Since then, sheer experience has led to a kind of de facto etiquette for chatting, with implicit signals for when one person has handed the conversation over. But typing status messages are still de rigueur: More information is better, right? Gmail tells you if your friend is typing, and whether there’s any text left in the box. Facebook goes one further and tells you whether or not your friend has seen your last message, letting you know exactly when you can start worrying about why she hasn’t responded to you yet.
For me as a user, if there’s any unease associated with the typing indicator, it’s not from the added immediacy per se, but a lack of enough immediacy. It tells you that something is going on, but leaves you to wonder what it is. It builds up the anticipation for a profound response only to disappoint you with the inevitable banality of what your friend actually says. I’d rather know what the other person were typing as she typed it.
And it used to be that I did. Long before instant messaging programs even existed, there was a Unix program for chatting called “talk” (and variations like “ytalk” and “ntalk”). The interface was not like that of chat programs today, where you type a message in the bottom, then hit Enter to send it over the wire to your friend. Instead, talk split the screen in half and transmitted everything you typed letter by letter. If you typed something and then deleted it, your friend would see the whole gaffe. Your text and your friend’s text were never combined into sequence.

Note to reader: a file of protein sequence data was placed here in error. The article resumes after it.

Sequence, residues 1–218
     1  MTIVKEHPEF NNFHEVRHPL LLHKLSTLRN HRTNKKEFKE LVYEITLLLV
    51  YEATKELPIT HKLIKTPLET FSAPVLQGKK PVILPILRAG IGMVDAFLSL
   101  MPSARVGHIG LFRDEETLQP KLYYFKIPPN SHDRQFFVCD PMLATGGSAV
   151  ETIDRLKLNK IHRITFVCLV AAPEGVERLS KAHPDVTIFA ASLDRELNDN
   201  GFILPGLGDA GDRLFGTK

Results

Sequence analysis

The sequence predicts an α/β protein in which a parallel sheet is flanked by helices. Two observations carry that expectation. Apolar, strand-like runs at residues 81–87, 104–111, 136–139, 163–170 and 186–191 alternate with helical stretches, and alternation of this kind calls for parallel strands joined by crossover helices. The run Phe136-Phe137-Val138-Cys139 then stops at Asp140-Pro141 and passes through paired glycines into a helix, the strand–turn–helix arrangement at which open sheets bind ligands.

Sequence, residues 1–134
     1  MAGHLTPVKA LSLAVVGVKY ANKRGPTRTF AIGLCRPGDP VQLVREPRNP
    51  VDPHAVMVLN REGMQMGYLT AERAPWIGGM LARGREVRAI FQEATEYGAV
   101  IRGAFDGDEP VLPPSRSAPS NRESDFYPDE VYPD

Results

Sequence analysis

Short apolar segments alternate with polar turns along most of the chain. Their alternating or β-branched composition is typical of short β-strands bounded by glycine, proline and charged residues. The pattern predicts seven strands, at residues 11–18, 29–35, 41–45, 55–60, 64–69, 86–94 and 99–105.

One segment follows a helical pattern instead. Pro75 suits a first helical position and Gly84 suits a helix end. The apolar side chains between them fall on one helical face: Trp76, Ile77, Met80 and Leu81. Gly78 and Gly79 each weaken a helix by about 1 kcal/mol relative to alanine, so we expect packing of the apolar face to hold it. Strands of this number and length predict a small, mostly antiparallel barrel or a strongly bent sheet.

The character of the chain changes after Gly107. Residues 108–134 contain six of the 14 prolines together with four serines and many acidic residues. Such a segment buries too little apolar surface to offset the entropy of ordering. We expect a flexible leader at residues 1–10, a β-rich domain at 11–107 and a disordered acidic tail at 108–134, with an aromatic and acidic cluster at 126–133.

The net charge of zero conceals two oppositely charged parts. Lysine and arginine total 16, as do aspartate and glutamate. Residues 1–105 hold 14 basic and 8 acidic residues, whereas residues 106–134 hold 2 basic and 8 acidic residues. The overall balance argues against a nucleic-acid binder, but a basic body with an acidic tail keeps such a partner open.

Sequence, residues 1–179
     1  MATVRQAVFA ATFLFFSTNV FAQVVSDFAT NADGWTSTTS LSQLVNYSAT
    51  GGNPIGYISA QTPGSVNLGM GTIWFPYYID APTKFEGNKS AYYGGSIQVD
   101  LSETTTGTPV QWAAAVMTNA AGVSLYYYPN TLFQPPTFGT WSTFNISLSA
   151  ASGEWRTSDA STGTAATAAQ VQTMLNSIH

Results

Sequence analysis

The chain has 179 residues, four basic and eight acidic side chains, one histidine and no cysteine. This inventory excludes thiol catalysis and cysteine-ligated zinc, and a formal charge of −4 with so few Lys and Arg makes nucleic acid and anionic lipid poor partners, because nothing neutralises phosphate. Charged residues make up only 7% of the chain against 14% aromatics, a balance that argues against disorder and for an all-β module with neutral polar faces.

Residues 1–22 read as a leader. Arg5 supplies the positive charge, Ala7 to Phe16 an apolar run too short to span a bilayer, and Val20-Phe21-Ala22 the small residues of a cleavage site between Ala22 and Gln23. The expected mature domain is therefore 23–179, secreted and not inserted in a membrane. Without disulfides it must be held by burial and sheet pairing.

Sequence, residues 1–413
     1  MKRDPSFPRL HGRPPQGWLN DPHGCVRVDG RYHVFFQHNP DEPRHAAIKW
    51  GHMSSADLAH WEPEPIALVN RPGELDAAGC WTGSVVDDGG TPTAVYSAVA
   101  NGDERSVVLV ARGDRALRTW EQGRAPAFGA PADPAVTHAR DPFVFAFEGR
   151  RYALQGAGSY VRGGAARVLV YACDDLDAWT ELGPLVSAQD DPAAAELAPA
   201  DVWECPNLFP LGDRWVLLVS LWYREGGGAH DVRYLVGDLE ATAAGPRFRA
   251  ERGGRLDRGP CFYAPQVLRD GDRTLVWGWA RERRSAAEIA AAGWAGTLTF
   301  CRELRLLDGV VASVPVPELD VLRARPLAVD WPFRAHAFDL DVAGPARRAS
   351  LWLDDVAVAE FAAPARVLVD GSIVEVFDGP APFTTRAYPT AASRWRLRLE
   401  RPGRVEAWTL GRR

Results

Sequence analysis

It felt more like an actual conversation, except it was even more efficient, since you both could talk at the same time and anticipate each other’s responses. Throughout college, my future wife and I—we attended different schools—used talk to keep in touch with one another. She would get halfway through a sentence and I could start responding without her having to finish the thought. We both typed in the vicinity of about 90 words per minute, so talk preserved a flow that today’s chat programs lack.
The end result, however, wasn’t always decipherable after the fact. Here’s an example I’ve reconstructed from memory. (This would be the talk screen at the end of the conversation. My wife’s text is in the top half, and my text is in the bottom.)
The conversation might be tricky to reconstruct, so here’s the order in which we typed things. Every time one of us broke off a sentence because the other had started responding to it, I’ve marked it with an asterisk. (You didn’t have to hit Return after each sentence, but it did make things more readable.)
ME: what are your plans tonight
HER: going to the*
ME: oh right you had the throwing mu*
HER: yeah i won’t be back until late. will you still*
ME: i’m going to sleep around midnight
HER: yay!!! talk to you*
ME: talk tomorrow?
HER: when will you*
ME: i’ll be back from class at 5. enjoy the*
HER: going now
I also liked the increased focus. If you were talking to someone, it was likely you weren’t doing much else, because their text was showing up nonstop. Chatting and text messaging these days seems to combine the worst of both worlds, giving you just enough time in between messages to get bored without being able to do anything productive.
Sometimes I miss the old days.
So I’ll sometimes
insert extra line breaks
in the hopes of
speeding up conversation
or maintaining interest.
(Like Burma-Shave signs.)
You should try it.
If you don’t already.